Eyewitness News have corrected their original report, stating that Kruger Park spokesman William Mabasa was referring to South Africa as a whole and not the park. At the current rate of poaching, South Africa is expected to lose between 750 and 800 rhino this year. 09/04/13.
The story that South Africa’s “Kruger Park could lose 1,000 rhino in 2013”, spread quickly on Twitter and Facebook this past weekend.
It was posted on the website of Eyewitness News (EWN), a division of media company Primedia, which provides news reports and bulletins to a number of local radio stations in South Africa.
A separate report by South Africa’s state broadcaster, the SABC, referred to “conservative estimates” which purportedly “show that as many as a thousand rhino could be poached this year” in South Africa.
SABC did not state the source of the estimate. However, the EWN story quoted a Kruger National Park spokesman, William Mabasa, saying: “If you look at the trends, by the end of this year we would have lost 1,000 [rhino].”
How many have been poached so far?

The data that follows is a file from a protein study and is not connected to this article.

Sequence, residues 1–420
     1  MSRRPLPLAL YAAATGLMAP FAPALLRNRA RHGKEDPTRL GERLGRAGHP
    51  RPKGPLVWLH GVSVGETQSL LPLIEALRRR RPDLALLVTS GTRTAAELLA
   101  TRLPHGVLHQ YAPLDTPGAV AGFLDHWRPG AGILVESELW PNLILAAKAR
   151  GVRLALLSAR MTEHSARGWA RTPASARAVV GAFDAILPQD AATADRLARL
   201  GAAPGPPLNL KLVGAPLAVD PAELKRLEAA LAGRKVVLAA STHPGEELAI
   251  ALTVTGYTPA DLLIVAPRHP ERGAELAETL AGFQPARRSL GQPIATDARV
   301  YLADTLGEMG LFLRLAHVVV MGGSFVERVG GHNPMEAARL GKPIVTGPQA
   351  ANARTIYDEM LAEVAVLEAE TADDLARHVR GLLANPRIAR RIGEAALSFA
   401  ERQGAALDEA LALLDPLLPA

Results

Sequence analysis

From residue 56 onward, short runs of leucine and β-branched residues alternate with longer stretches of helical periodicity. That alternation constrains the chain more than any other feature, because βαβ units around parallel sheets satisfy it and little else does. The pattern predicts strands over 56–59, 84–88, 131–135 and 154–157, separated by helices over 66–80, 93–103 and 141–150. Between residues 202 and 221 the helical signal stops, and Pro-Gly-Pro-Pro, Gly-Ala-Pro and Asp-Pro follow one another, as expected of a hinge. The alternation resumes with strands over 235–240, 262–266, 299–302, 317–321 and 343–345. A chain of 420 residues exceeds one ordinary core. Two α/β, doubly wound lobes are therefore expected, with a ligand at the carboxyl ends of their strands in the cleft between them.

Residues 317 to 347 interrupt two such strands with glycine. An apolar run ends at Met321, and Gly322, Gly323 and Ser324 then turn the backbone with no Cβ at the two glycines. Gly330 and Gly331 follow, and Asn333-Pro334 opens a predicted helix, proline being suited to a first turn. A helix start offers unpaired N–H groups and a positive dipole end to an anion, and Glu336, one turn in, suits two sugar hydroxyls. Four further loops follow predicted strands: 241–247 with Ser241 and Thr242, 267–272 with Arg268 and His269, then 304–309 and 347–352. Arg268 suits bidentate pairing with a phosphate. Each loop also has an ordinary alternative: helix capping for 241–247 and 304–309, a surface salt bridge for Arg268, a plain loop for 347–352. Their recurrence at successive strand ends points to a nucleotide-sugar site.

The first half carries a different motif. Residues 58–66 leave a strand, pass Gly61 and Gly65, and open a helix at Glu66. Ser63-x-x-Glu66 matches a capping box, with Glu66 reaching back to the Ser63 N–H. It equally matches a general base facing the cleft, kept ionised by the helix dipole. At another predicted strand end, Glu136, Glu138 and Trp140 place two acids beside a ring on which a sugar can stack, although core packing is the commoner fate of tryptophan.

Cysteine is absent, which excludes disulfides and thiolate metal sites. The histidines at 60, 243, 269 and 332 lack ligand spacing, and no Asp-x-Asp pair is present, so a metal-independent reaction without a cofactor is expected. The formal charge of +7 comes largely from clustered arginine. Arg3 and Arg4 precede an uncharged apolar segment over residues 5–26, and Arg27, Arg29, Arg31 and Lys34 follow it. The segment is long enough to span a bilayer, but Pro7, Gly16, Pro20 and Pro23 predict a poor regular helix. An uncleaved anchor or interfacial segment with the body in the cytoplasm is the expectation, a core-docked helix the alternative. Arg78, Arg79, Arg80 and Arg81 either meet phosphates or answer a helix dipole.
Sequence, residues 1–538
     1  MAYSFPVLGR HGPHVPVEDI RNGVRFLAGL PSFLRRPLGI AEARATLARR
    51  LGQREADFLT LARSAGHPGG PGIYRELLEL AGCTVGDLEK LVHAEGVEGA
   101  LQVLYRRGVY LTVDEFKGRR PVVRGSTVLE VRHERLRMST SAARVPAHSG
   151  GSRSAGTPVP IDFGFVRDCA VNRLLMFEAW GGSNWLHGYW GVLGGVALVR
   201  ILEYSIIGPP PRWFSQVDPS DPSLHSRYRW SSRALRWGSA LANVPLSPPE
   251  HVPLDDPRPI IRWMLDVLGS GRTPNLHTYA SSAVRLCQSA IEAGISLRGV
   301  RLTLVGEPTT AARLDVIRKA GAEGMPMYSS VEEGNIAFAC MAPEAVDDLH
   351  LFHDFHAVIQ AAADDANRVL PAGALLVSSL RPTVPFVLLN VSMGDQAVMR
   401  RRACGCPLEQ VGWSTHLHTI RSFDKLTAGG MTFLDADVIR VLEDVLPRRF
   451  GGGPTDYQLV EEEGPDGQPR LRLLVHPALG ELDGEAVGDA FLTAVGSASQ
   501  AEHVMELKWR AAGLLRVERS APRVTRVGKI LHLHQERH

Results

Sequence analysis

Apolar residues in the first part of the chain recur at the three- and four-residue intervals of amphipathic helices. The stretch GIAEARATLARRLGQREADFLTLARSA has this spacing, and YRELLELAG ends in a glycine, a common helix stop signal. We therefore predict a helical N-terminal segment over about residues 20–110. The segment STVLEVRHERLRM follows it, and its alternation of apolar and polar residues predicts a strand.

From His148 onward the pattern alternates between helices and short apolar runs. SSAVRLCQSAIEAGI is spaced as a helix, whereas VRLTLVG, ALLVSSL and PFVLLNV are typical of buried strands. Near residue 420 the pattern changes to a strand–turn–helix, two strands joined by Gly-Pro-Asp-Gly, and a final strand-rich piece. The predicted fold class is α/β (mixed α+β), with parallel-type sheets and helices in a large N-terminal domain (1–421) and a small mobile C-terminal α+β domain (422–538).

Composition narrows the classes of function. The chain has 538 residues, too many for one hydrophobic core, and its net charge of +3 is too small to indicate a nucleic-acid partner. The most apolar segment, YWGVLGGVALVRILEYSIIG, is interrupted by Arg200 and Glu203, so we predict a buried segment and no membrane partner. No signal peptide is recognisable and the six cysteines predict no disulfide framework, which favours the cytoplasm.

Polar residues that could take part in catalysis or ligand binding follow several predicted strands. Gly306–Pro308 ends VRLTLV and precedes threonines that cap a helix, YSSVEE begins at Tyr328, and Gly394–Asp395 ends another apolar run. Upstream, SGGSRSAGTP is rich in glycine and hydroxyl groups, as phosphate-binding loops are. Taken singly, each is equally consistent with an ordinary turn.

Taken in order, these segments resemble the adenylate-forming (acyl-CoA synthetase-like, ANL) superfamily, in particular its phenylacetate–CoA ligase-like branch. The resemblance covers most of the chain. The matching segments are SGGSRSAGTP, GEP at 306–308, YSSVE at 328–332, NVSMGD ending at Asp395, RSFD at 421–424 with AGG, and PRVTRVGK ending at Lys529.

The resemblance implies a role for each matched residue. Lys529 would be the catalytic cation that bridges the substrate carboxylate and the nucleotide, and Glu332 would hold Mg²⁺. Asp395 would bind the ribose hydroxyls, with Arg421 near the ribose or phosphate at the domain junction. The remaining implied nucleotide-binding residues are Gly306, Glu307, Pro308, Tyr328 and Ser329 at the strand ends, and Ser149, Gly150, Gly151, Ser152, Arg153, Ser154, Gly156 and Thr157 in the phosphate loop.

In total South Africa lost 668 rhino in 2012 – the highest number recorded to date in the country’s growing poaching crisis.
However, the most recent poaching figures, released on 3 April 2013 by South Africa’s Department of Environmental Affairs, stated that 203 rhino had been poached since the beginning of this year; 145 of them in the Kruger National Park.
If current poaching levels in the Kruger remain constant at just over one a day, it would mean that the park could lose around 575 rhino by the end of the year.This is just over half the number suggested in the report.
South Africa as a whole is losing just over two rhinos a day, well below the number suggested by EWN for the Kruger National Park alone.
Kruger spokesman says up to 750 nationally
“No, that is completely wrong…We said 700 nationally could be lost…possibly up to 750,” he said.
Conclusion – the facts do not support the claim
While South Africa as a whole could indeed lose more rhino than expected by the Park spokesman, should there be a sharp upsurge in poaching, it seems highly unlikely – at the current rate – that the Kruger National Park would lose as many as thousand rhino by the end of the year.
The weekend report failed to take into account current poaching figures and trends.
Even if Mabasa was quoted correctly, the figure should have been more closely interrogated. He says he was not.
Edited by Peter Cunliffe-Jones
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